Ottey is also ecstatic to be entering the national track and field Hall of Fame with two-time World Indoor Championship gold medallist, Bruny Surin, and five-time Olympian, Charmaine Crooks.

 

 

“I really got to know Charmaine when we arrived at UTEP in 1981,” Ottey, who graduated with a Bachelor of Science in Education, recalled. “We travelled on the same flight to Texas and we did not know that we were going to the same school until the plane landed and we spoke. We have always been in touch since. Charmaine learned German years ago and I remember asking her why she was doing it. When we got to Europe, I was relying on her to translate for me. She has so much foresight and vision and I am really proud of her and what she has achieved.

 

 

“As for Bruny, he’s a wonderful individual. He has always treated me with respect. He has had a fantastic career and is deserving of the honour.”

 

 

The high jump bar was not the only obstacle Ottey had to clear. He was placed in a vocational school after arriving in Canada and he graduated from Timothy Eaton Business & Technical Institute which was closed three years ago.

 

 

“I was pushed back a Grade when I came here and it just seemed that decisions were made that confined me to a certain pre-designated category,” he said. “The stigma stayed with me for years and I remember struggling to read when I was 13 years old. It was a challenge growing up, but I survived.”

 

 

Ottey, who started jumping at Dallington Public School, was a member of the former Scarborough Optimists club that attracted the cream of the athletes in the Greater Toronto Area. He paid sterling tribute to former members Leighton Hope and Bryan Saunders for his success.

 

 

Jamaican-born Hope, and Saunders, who migrated from Trinidad & Tobago, were members of Canada’s 4 x 400-metre relay team at the 1984 Los Angeles Summer Olympics.

 

 

“Those guys took me under their wings and mentored me,” said Ottey who was an assistant track and field coach at UTEP, the University of New Mexico and Kent State. “I looked up to them and they taught me a lot about this sport.”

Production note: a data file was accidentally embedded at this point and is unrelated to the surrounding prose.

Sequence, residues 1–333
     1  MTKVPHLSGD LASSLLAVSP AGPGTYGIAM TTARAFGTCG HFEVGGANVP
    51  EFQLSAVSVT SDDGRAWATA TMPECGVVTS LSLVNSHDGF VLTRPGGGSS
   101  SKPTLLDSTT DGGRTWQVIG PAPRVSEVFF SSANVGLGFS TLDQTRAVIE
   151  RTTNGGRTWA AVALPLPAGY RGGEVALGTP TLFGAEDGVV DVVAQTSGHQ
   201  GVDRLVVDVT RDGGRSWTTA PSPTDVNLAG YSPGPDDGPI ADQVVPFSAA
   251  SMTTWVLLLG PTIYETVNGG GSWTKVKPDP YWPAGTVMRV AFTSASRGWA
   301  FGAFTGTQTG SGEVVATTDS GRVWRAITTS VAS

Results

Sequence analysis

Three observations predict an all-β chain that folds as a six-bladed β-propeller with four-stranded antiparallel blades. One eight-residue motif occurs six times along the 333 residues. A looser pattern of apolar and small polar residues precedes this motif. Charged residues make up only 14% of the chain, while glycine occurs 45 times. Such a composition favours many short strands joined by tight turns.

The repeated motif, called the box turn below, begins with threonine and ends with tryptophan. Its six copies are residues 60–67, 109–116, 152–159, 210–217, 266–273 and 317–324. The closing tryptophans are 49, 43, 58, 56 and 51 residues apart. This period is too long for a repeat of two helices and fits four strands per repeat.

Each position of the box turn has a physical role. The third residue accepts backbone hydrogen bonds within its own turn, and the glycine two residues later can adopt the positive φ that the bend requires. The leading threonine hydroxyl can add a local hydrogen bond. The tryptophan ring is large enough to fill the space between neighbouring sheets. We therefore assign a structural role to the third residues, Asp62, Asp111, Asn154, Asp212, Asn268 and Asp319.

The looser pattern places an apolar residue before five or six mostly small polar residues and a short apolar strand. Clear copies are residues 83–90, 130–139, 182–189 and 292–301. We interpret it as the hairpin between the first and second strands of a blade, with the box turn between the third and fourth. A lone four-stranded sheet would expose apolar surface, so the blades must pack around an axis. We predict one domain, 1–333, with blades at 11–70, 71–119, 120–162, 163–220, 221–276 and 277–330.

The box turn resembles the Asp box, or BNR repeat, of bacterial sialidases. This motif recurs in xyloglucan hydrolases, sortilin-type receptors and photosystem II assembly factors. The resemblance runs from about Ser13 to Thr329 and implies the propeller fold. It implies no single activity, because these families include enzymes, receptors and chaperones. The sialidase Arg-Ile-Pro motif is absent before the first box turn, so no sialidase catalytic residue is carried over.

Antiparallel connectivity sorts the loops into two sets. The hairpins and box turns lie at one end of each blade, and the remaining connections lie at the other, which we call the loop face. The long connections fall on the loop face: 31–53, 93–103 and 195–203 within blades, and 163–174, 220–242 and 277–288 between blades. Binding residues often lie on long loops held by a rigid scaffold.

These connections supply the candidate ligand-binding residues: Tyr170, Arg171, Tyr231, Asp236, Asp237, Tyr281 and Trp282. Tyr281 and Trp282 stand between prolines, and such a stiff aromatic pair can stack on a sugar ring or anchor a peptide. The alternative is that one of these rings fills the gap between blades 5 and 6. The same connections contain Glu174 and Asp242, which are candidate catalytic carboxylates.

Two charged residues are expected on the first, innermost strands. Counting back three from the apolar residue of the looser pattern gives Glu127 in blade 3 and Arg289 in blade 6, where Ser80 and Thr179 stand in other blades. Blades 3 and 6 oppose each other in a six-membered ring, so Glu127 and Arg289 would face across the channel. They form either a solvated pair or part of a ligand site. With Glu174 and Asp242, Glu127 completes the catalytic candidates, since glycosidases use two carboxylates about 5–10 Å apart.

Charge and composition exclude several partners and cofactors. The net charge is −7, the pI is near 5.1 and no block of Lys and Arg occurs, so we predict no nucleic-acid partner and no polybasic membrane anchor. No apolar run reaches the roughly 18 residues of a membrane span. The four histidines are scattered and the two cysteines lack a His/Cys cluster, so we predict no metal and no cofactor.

Ottey also holds late athletics coach Charlie Francis in high esteem. The ex-Canadian sprint champion and coach died two years ago.

 

 

“Charlie was a great coach,” he said. “When I started coaching in the United States, I called him for advice. When I was jumping and I had to do sprint workouts, Charlie would be there with me. I learned a great deal from him. He was one of the sport’s most knowledgeable coaches.”

 

 

Now in his fifth year with the York University track and field team, Ottey was recently recruited by Athletics Canada as part of a team that will oversee its long-term athlete development program.

“There are many talented athletes in Canada, but the infrastructure here is poor,” he said. “Just imagine, we have just one real indoor facility (York University) in southern Ontario. When you look at Europe, every town has a rubberized track with all the amenities. We have a far way to go here.”

 

 

In addition to coaching at York and supervising Grenadian-born, Canadian-based long and triple jumper and Olympic aspirant Patricia Sylvester’s workout program, Ottey is the development manager for International Fun & Team Athletics which is a non-profit organization dedicated to providing children’s sports educational services.

By RON FANFAIR